Thursday, March 28, 2013

Revelations in Ground Training

As you may recall from recent posts, I moved to a new state and thus a new barn. I also am leasing a new horse. This guy's name is Nikodemus. Niki D  has begun to irritate me over the past few weeks. He has consistently had no respect for my personal space on the ground; he has been biting me and chewing up my tack; and he wouldn't pay any attention to me when it was time to mount by grazing so that it would take me like 20 minutes to get on him. I was starting to get anxious about this when I wasn't with him. How to control him began to wake me up at night. So silly.

So, I did some research.

The biting issue was my biggest issue. There were two things I read which I decided to try out, though I had little faith: stop hand feeding the horse, and don't get close enough to the horse to let him bite you.

I also renewed by subscription to Giddy Up Flix. I ran into this video called "Defining your Space" by Gawani Pony Boy. This seemed EXACTLY what I needed to do and wanted to do. Below is the trailer.

Side note, which you may elect to skip over follows!

The whole "natural horsemanship" thing seemed like it made some kind of sense, though I personally feel that anything defined as "natural" is a subjective, culturally infused concept. Based on a medical anthropology graduate education, "natural" is a shifting concept very much related to the time frame and concept in which it is used. In my mind, "natural hosemanship" works because it has an underlying theory. That's it. There is nothing "natural" about it. It is really just a consistent, theoretical approach and framework and works because of its consistency. But really, I digress.

Every time I watch one of these "natural horsemanship" videos, they always seem so....un-me. The practitioners are usually Western riders and generally male. They use round pens to which I do not have access. The horses are usually not warm bloods. You don't see dressage riders parading this stuff. Everyone at my last hunter barn totally made fun of the concept.

So, after watching "Defining your Space," I thought to myself, "I don't know if this is for me." Mr. Carrots really thought I should try it out though. Gawani Pony Boy's first exercise is controlling the horses feet in a round pen. He did a few moves like throwing a rope in front of the horse and making noises at the horse. The goal is to get the horse going around you in a large circle, controlling his direction and distance from you.  Didn't know if I could swing this. The second exercise was leading the horse, expecting him to stop three feet behind you, and then stepping back when you turned around at him.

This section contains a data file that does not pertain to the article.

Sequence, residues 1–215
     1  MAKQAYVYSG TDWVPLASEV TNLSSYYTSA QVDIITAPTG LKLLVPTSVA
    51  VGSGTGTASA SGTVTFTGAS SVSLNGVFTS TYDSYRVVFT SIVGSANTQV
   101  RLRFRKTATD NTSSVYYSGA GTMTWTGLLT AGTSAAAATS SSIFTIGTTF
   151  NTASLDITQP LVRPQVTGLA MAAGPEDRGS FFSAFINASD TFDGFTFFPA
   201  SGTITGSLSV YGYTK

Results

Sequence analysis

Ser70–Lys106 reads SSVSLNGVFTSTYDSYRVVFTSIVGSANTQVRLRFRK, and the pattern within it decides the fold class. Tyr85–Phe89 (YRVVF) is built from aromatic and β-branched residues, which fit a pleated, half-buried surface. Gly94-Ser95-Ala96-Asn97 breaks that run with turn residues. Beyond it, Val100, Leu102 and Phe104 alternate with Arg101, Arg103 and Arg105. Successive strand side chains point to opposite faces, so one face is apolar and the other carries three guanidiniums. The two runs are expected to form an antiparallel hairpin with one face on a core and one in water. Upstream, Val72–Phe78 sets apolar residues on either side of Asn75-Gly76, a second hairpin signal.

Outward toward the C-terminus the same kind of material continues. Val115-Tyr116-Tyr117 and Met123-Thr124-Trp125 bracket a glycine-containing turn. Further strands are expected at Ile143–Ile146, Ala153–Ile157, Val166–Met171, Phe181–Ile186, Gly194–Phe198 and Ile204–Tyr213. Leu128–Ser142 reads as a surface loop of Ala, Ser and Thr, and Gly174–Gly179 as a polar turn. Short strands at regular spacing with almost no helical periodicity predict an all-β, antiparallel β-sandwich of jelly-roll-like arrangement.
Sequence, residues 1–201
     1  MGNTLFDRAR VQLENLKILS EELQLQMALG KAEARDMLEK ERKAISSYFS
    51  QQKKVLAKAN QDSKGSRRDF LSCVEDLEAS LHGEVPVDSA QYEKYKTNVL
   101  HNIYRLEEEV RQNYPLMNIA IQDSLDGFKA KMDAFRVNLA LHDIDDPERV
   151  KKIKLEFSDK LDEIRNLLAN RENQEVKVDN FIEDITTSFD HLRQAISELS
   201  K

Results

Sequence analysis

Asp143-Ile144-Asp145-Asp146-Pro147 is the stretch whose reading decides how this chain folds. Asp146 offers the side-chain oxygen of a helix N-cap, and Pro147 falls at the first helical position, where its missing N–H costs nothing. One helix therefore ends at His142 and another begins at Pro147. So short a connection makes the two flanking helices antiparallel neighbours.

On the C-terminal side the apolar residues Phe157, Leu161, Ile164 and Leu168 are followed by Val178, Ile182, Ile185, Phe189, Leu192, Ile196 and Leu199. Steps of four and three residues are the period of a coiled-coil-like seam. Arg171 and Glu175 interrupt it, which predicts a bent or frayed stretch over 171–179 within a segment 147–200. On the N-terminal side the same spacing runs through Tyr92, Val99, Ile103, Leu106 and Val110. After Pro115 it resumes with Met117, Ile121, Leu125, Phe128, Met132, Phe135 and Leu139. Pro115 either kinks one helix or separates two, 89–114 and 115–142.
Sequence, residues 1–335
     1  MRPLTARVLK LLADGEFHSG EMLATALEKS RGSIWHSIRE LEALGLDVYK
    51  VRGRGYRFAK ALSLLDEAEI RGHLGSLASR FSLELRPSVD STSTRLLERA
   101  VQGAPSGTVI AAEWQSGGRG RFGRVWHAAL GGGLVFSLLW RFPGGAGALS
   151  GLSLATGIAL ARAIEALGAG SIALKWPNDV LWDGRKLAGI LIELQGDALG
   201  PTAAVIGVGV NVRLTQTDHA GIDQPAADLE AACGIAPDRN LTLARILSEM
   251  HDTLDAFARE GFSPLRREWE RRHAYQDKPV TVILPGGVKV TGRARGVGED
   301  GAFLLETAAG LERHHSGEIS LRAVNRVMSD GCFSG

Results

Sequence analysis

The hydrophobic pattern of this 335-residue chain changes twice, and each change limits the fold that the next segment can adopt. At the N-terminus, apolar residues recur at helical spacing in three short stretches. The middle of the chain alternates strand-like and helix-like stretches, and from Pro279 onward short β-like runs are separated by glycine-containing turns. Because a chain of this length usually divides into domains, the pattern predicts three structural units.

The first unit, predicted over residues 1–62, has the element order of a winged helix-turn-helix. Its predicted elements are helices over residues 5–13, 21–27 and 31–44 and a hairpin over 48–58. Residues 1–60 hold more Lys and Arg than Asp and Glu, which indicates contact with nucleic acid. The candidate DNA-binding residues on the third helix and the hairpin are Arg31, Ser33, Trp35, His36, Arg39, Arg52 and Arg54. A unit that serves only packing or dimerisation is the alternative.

Amazingly, this all worked. I put a minimum amount of effort into this for a massive pay back. I sort of modified each of the exercises into something that seemed do-able for me as a small, timid-when-it-comes-to-horses lady.

I took Nik-the-Mouth into what I had available: a square turnout. I took him off the lead and let him go naked. He cantered off, immediately into a circle around me. I was able to get him to go in the other direction by just twirling the lead when he stopped. This was FAR easier than I thought it would be.

Then, I did the exercise where I would lead him. It seriously took the horse about 3 walks then stops to totally get what I wanted. He was so smart.

Lastly, I did this "still as a statue" exercise that I saw Julie Goodnight do once.

And the results? For about twenty minutes of ground work, I now have a horse that leads beautifully, doesn't try to graze when walking back from turn out, does not bite and pays attention when it is time to mount. I am so thrilled and I couldn't have asked for more. Really, I just could not have asked for more. My whole point is that this ground training thing is perhaps easier than it may at first seem. And you don't have to do exactly what the person you watch does. You can modify and make it something that works for you, your personality, and the tools that you have available.


  1. Bravo! Yes, the natural bit is really what comes naturally to you and to the horse. It's vaguely reminiscent of parenting, actually. If you don't believe it or it doesn't feel right to you, it won't work. They will know.

    I personally love round pen work and it helped (helps) Calabar and me a great deal. I cured his biting by keeping him out of my space. It worked because he really likes to be close to me and was sad when he couldn't be. :)

    1. Yes, I did not get that before! It really seemed to work because we did what was natural to us. That is the perfect description! Thanks.

  2. I love this post! I really recommend checking out the documentary Buck if you aren't familiar with Buck Brannaman. It's a wonderful story, it really illustrates his style of natural horsemanship (I don't care for the term either), and there are warmbloods! And yes, he's a cowboy.

    It's really about knowing what the horse's natural response is to our actions, and using that to get them to do what we want them to. Work smart not hard! ;-)

    1. Thanks, Amy! I will have to check out Buck. He works with the LOPE organization to re-train OTTB. I really like your description of knowing the horse's natural response to our actions. That makes a lot of sense to me.